Readership: Social historians, especially those interested in the history of crime and policing; military historians; students of modern British history; criminologists; practitioners and policy makers
Clive Emsley, Emeritus Professor, Department of History, The Open University
Clive Emsley was educated at the University of York and at Peterhouse, Cambridge, and has taught and held visiting fellowships in Australia, Canada, France, and New Zealand. He has published widely on the history of crime and policing, including Crime and Society in England 1750-1900 (now in its fourth edition), Crime and Society in Twentieth-Century England and The Great British Bobby: A History of British Policing from the 18th Century to the Present. He was president of the International Association for the History of Crime and Criminal Justice for ten years.
"This is a scholarly, well-documented account, and much of the book is given over to colorful specific accounts that make it utterly fascinating reading, suitable for a large audience." - P. T. Smith, CHOICE
"This is an impressive book, the product of considerable research and informed by the mastery of the relationship between crime and society, the history of policing and the development of criminal law, which has made Emsley a leading authority in his field." - A.W, Purdue, Times Higher Education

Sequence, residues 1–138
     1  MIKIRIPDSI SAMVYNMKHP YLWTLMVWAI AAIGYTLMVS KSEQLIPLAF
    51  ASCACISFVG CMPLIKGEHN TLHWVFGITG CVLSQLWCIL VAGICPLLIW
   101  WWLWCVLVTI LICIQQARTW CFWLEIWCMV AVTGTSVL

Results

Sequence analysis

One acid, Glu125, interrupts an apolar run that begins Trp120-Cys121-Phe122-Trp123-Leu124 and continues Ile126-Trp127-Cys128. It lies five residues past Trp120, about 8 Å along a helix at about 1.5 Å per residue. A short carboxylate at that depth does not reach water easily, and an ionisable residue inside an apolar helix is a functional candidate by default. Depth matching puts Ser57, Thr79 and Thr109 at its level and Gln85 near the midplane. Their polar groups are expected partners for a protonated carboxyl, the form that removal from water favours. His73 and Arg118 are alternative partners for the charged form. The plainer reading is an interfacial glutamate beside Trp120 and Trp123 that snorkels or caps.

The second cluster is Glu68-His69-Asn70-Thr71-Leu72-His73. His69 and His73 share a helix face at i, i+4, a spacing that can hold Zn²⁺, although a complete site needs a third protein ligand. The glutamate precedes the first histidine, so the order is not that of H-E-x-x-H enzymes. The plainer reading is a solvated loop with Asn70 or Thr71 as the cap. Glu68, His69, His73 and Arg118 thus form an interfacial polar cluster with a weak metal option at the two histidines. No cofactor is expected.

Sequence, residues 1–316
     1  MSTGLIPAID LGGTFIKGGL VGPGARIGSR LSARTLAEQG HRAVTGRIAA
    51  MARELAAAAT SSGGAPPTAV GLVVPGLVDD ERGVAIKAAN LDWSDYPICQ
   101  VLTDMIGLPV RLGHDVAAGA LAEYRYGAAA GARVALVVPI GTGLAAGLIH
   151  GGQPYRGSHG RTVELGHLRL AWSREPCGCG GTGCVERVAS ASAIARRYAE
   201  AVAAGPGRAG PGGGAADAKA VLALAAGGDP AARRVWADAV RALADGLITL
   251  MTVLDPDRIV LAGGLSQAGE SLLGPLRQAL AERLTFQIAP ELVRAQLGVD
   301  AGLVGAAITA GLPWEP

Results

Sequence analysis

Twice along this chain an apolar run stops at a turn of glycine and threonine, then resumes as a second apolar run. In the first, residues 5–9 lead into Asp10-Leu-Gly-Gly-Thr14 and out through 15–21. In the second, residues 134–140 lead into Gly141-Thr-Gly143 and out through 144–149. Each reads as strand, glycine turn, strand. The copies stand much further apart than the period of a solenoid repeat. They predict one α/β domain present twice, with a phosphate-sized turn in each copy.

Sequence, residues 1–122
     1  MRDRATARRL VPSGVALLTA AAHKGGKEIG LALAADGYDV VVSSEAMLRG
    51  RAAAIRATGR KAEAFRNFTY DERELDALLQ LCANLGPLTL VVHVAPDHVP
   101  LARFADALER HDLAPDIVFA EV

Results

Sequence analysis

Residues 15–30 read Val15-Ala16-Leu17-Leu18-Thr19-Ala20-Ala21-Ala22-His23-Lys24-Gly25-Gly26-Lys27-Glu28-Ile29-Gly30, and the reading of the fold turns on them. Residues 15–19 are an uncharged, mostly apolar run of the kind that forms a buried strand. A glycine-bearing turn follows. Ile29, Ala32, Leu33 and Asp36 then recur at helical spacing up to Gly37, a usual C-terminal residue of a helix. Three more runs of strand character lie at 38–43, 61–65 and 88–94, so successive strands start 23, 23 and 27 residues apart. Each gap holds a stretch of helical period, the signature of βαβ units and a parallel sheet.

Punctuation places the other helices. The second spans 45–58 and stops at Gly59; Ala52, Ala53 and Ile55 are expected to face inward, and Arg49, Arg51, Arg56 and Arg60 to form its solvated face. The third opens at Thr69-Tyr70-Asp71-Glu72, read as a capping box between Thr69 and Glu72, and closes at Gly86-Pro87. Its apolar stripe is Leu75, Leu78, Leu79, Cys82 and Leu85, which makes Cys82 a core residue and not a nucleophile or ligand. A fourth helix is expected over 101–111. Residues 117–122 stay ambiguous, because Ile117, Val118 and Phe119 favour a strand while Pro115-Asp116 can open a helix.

1: 'The Object of Military Law is to Maintain Discipline': Different laws for different people
2: 'A court of justice and not a court of law!': Courts and justice in the services
3: 'Law Makes Crime': What difference does war make?
4: 'The biggest thieves in the world': Service personnel and property crime
5: 'I didn't like the officer... and I don't like you': Crimes against the person
6: 'The unwritten law': Servicemen and domestic violence
7: The shell-shock defence
8: Post-war crime waves?
9: Conscripts and Professionals: Beyond the world wars
10: 'I could have done other stuff': The return to professional services